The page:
Association Between Osteoporosis and Multiple Sclerosis

This article originally appeared here.
Share this content:
The study findings suggest that MS may be a secondary cause of osteoporosis.
The study findings suggest that MS may be a secondary cause of osteoporosis.

Patients with multiple sclerosis (MS) have lower bone mineral density and greater rates of osteoporosis than healthy controls, according to study results presented at the 2017 Consortium of Multiple Sclerosis Centers Annual Meeting, May 24-27 in New Orleans.

In order to better understand the prevalence of low bone mineral density and osteoporosis in MS and examine whether MS is an independent predictor of low bone mineral density and osteoporosis, a team of investigators led by Etienne J. Bisson, PhD, of Queen's University in Kingston, Ontario, Canada, conducted a population-based study using data from the Manitoba Population Health Research Data Repository.

The investigators identified 783 patients with MS who had a bone mineral density screening. Each MS case was matched with 5 non-MS controls (n=3915) with a bone mineral density screening by age, sex, and first screening date. The 2 groups were compared for femoral neck bone mineral density and likelihood of osteoporosis (T-score ≤-2.5).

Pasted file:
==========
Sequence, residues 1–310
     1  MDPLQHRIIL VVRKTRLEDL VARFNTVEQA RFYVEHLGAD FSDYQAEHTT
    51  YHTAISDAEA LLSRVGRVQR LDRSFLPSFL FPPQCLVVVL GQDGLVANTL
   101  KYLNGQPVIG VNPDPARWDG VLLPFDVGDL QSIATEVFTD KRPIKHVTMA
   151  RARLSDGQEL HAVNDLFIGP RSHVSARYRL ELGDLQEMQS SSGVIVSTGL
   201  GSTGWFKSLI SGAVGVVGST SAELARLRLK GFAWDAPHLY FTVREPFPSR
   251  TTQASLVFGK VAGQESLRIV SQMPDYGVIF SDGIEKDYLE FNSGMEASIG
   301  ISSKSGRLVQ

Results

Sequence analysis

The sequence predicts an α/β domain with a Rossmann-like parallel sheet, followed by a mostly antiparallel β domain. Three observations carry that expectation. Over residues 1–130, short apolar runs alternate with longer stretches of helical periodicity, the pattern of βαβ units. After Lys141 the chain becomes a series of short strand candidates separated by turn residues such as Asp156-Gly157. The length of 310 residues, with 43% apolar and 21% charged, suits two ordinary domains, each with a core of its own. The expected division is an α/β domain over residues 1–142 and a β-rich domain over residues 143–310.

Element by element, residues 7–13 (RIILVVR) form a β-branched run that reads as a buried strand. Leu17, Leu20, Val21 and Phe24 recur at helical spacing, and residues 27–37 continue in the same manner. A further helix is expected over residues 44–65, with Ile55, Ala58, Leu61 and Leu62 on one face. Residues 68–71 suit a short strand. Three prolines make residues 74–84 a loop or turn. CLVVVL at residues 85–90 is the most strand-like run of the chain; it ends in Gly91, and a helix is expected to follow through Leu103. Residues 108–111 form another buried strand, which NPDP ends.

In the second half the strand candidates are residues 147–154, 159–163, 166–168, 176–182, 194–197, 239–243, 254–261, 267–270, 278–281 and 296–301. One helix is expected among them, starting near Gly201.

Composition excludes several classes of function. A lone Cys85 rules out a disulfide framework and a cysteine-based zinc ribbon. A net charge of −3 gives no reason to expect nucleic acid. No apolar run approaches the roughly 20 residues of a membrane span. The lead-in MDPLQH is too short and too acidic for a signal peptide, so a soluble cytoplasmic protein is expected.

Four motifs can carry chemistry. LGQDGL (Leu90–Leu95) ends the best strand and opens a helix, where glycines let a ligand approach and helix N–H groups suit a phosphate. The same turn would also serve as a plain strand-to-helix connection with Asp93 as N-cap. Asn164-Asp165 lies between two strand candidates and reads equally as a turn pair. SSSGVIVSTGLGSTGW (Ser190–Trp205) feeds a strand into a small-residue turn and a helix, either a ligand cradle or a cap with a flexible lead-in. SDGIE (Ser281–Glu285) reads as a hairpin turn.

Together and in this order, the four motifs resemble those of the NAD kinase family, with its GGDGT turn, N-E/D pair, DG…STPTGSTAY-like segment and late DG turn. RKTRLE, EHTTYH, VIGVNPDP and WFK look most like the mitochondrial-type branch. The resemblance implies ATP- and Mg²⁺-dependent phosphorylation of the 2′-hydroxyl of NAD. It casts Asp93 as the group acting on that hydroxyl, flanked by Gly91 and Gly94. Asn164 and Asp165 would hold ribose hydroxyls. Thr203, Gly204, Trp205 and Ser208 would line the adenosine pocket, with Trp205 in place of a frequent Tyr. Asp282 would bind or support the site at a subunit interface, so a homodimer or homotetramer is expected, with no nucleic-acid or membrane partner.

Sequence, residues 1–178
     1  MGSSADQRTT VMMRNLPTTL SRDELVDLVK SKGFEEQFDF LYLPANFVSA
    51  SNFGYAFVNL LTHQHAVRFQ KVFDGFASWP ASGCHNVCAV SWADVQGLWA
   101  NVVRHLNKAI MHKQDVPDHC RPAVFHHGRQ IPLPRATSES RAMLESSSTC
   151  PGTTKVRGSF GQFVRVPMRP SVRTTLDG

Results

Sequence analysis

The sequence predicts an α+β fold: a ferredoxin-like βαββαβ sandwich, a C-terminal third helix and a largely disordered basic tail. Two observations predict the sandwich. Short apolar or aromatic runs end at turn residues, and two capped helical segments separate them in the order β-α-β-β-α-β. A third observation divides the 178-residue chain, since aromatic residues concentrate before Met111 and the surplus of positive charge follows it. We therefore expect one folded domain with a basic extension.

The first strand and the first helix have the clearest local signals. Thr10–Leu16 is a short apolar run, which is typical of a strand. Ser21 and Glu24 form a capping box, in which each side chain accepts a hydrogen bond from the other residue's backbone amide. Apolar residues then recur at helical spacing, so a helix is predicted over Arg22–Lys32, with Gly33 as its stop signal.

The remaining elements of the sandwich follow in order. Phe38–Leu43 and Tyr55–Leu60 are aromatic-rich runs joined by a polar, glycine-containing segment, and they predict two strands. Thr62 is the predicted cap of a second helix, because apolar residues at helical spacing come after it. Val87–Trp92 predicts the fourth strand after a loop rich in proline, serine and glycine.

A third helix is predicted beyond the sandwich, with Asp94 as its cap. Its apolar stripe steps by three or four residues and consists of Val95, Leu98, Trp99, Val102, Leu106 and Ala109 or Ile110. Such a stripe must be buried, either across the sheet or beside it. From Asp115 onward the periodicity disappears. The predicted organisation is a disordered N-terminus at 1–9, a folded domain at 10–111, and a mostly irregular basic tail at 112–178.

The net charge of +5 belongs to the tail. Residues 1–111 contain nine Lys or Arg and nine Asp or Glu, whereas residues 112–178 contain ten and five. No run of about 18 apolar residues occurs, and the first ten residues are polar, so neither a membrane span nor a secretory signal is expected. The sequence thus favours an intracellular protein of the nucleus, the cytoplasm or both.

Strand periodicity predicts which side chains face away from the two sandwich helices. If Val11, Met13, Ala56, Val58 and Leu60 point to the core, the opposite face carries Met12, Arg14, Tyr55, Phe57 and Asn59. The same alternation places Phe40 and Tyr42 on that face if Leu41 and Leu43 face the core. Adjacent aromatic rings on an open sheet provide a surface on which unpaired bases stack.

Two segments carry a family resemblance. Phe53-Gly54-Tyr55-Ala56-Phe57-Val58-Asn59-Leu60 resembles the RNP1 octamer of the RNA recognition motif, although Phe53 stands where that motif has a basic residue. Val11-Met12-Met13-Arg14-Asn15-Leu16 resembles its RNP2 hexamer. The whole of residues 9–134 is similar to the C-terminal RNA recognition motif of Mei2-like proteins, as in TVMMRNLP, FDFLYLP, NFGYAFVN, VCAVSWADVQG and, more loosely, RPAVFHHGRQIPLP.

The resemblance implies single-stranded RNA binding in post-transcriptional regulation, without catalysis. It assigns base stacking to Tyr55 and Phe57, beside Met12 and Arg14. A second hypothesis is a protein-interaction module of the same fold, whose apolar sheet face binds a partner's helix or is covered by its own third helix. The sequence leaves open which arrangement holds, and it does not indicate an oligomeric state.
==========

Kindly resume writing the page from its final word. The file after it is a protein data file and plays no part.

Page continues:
Regression models showed that MS had an independent association with femoral neck bone mineral density (β estimates: –0.24; 95% CI, -0.32 to -0.17; P <.01), with the average T-score at the femoral neck in patients with MS at -1.48 ± 1.08 vs -1.12 ± 0.98 in controls. MS was also found to be independently associated with osteoporosis (adjusted odds ratio [aOR] 2.41; 95% CI, 1.82-3.19; P <.01), with an unadjusted prevalence of osteoporosis in MS of 17% vs 6.5% in controls.

Other factors significantly associated with osteoporosis were age, sex, body mass index, disability, chronic antispasmodic use, and chronic lung disease. Notably, prior fracture (P =.02) was significantly associated with osteoporosis in people with MS (aOR 2.70; 95% CI, 1.28-5.70; P <.01) but not in controls (aOR 1.07; 95% CI, 0.62- 1.85; ns).

Overall, the findings suggest that MS may be a secondary cause of osteoporosis.

Follow @ClinicalPainAdv

Reference

  1. Bisson, EJ, Finlayson M, Ekuma O, Leslie WD, Marrie RA. Factors associated with osteoporosis in people with multiple sclerosis undergoing bone density screening. Presented at: 2017 Consortium of Multiple Sclerosis Centers Annual Meeting. May 24-27, 2017; New Orleans, LA. Abstract EG07.
You must be a registered member of Clinical Pain Advisor to post a comment.